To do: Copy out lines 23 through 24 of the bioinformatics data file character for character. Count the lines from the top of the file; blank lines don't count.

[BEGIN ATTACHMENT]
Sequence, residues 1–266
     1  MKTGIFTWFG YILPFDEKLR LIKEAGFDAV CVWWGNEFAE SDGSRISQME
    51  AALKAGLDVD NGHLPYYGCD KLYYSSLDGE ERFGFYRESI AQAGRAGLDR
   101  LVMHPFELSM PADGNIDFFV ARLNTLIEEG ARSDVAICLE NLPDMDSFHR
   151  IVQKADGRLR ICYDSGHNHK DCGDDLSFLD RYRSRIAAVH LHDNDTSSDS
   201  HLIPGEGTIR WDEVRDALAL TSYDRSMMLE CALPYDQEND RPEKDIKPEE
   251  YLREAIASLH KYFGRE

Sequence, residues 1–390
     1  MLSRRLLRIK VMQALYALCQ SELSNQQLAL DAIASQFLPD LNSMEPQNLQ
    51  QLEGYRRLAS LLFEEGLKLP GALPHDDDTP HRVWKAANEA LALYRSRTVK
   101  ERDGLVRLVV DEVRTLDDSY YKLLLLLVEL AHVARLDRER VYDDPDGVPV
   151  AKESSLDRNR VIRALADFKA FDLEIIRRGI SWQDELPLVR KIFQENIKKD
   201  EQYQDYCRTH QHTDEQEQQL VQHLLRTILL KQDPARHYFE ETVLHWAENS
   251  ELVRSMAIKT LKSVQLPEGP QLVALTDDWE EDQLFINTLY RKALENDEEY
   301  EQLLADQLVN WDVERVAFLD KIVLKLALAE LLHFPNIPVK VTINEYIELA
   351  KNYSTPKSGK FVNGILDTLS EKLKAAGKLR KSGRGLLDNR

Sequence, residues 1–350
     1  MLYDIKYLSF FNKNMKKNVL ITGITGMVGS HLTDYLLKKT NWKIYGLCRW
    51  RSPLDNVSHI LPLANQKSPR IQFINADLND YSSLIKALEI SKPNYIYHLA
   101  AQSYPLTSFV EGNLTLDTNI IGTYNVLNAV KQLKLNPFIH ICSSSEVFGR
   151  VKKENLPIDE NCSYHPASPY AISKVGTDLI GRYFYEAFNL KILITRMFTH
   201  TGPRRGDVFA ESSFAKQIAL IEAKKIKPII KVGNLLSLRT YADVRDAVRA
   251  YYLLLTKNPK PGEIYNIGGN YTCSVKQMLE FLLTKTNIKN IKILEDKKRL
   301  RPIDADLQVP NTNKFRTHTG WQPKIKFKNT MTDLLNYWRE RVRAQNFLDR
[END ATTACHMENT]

   251  YYLLLTKNPK PGEIYNIGGN YTCSVKQMLE FLLTKTNIKN IKILEDKKRL
   301  RPIDADLQVP NTNKFRTHTG WQPKIKFKNT MTDLLNYWRE RVRAQNFLDR